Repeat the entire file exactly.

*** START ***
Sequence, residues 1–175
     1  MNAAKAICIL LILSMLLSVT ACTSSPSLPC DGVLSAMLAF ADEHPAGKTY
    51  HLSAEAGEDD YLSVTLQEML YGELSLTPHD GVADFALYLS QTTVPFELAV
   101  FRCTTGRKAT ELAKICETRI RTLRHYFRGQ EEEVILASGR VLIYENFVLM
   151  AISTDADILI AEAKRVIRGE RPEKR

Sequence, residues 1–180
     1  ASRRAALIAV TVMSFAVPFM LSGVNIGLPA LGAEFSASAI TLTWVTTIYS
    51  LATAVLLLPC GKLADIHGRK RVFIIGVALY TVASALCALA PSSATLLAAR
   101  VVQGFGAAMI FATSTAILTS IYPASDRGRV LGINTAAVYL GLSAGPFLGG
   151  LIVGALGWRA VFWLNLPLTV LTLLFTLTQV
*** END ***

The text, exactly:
Sequence, residues 1–175
     1  MNAAKAICIL LILSMLLSVT ACTSSPSLPC DGVLSAMLAF ADEHPAGKTY
    51  HLSAEAGEDD YLSVTLQEML YGELSLTPHD GVADFALYLS QTTVPFELAV
   101  FRCTTGRKAT ELAKICETRI RTLRHYFRGQ EEEVILASGR VLIYENFVLM
   151  AISTDADILI AEAKRVIRGE RPEKR

Sequence, residues 1–180
     1  ASRRAALIAV TVMSFAVPFM LSGVNIGLPA LGAEFSASAI TLTWVTTIYS
    51  LATAVLLLPC GKLADIHGRK RVFIIGVALY TVASALCALA PSSATLLAAR
   101  VVQGFGAAMI FATSTAILTS IYPASDRGRV LGINTAAVYL GLSAGPFLGG
   151  LIVGALGWRA VFWLNLPLTV LTLLFTLTQV